One of the many reasons people seek babywearing help is because they are unable to get their carrier comfortably adjusted. Babywearing should not be painful or uncomfortable for anyone! There is a carrier option (style, position, etc) that should work for you, but it may take a little "tweaking" to get things just right. Many people assume that means changing something about the carrier, but it can also mean changing our posture, or even a combination of the two.
To help us learn more about babywearing and posture, I interviewed Dr. Dara Lynne DaCunha.Dr. DaCunha is a chiropractor, doula, professional babywearing educator, and a mother of two. Her practice in Scottsdale, Arizona focuses on pregnancy, postpartum, and infant care. Dr. Dara is known for her treatment protocols with infants and feeding issues through chiropractic care and various forms of body work. Her experience as a personal trainer and yoga instructor support the priority she places on rehabilitating the postpartum body.
Q: What is the main consideration about posture when wearing?
A: The main thing to consider is your posture! Most caregivers are focused in on child and dismiss their own body, only to pay the price later on.
Q: How does posture affect comfort while wearing?
A: Well, at first, the majority of wearers won’t even notice they are uncomfortable. Discomfort from suboptimal posture is gradual and varies widely from person to person. Even without wearing a child suboptimal posture can be uncomfortable. Posture is the framework to movement.
Q: What are some ways you see people change posture (and therefore are uncomfortable) when they put baby in a carrier?
A: Some of the most common ones are rounded shoulders, rounded upper back, forward head posture, and hips pushed forward or to the side.
Q: Are there certain carrier types or certain carries (in a wrap) that can be helpful for certain posture problems?
A: Yes of course there are! I do believe that (physically) there is a carrier that can fit every caregiver, you just have to find it. A way to narrow down the search for a perfect carry is to think of counter-weight. For instance, if you have a upper torso that rounds forward, than a carry that pulls you upright might be more comfortable and even help correct posture. The carrier type will vary for everyone. Experimenting with different carries is the best way to discover what works for you.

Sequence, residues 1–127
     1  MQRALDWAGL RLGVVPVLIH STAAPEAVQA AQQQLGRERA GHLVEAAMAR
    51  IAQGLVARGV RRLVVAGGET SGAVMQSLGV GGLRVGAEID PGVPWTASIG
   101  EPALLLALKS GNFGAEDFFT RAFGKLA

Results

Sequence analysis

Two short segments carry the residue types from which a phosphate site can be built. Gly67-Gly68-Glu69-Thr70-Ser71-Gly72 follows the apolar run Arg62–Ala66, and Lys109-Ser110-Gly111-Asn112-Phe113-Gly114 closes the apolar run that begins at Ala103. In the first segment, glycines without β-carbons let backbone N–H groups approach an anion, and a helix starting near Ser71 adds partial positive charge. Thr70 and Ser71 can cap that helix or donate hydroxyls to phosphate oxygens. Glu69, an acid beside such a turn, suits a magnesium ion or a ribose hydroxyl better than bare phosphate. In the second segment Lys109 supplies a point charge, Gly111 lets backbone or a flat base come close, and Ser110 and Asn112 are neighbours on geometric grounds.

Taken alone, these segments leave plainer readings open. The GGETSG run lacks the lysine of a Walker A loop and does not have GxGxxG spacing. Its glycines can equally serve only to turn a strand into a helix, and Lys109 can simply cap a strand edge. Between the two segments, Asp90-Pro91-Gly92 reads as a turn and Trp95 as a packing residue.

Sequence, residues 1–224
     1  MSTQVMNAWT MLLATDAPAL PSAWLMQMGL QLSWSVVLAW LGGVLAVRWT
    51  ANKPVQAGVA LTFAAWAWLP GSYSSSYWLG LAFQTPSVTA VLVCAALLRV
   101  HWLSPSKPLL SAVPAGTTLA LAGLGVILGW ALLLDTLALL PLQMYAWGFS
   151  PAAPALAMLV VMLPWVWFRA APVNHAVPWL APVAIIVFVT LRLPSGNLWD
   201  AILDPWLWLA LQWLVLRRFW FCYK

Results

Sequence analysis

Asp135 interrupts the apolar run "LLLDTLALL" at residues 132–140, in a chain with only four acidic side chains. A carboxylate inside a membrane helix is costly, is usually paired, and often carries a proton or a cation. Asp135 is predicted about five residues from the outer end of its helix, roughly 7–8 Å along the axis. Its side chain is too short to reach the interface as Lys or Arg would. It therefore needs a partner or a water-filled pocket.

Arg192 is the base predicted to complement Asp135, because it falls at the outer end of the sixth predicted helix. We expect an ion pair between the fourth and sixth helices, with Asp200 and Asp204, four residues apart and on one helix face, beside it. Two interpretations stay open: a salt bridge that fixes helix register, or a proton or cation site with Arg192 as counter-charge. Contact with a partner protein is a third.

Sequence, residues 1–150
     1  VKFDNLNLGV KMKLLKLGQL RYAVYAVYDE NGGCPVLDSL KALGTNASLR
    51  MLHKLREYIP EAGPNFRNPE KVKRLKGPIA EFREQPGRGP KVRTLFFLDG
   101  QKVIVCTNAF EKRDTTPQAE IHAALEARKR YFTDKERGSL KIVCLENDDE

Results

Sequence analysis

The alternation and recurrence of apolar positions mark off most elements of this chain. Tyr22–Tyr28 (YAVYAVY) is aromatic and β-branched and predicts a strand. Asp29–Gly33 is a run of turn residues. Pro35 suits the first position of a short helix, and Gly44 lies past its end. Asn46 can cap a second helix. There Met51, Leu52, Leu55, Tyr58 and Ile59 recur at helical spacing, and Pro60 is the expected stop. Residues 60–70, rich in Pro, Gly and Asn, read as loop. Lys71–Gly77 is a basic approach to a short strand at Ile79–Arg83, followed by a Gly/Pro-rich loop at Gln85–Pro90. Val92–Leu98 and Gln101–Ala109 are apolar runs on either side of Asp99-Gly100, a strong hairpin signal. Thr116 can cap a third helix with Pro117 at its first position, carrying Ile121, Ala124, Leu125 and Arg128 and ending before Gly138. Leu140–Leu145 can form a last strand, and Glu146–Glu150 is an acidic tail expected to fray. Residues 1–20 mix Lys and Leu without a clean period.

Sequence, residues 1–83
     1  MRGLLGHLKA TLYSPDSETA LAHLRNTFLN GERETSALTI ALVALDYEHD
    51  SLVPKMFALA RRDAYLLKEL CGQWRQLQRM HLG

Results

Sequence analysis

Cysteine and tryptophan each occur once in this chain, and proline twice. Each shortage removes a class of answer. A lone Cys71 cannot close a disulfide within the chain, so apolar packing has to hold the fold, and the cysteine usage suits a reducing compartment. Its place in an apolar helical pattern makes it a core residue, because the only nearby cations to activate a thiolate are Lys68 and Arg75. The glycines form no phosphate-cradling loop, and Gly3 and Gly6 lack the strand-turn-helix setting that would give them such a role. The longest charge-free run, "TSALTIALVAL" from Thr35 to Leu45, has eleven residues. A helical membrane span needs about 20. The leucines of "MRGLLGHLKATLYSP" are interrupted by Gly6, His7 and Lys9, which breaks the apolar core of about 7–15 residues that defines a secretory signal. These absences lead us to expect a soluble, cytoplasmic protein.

Q: What exercises can we use to improve our posture for wearing?
A: There are many exercises that can help. One general stretch would be to lay on our backs, flat on the floor. We often don’t spend any time laying flat. We are hunched over a child or bending over our desk, sitting at a computer, staring at our phones, driving. All of these things round our shoulders forward and cause us to slump. Time flat our our back, letting our body relax into the ground.
Q: What are some common adaptations or position tweaking suggestions?
A: When you stand up straight and look at yourself in a mirror, from the side, your head, shoulder, ribcage, hip, knee, and ankles should all be in one line. Adjust your posture by looking in a mirror, after you have put the carrier on. This will give the wearer an idea of what it feels like to be in optimal posture and eventually it will be a subconscious movement.
When you first adjust your posture you may have to adjust the carrier. The pressure points, shoulder height, hip stance will all change and therefore the carrier will fit differently. Slight adjustments are necessary at this point. Some people find, at this point, the new adjustments to the carrier remind them to keep the optimal posture.
Q: Are there any circumstances in which you advise avoiding wearing for a period of time?
A: There are definitely circumstances in which you should avoid wearing a child. Some cases that could fall into this category are surgeries, acute trauma (physical or psychological), and recommendation by your physician. If you are currently under the care of a physician, please consult them before babywearing.
Many thanks to Dr. Dara Lynne for sharing her expertise. Being in tune with our bodies is important to reduce the chance of injury and strain while babywearing!
Beth. The babywearing lady.
copyright 2016 Beth Secrist
All photos used under the Creative Commons license through Flickr. Photography by: littletuesday12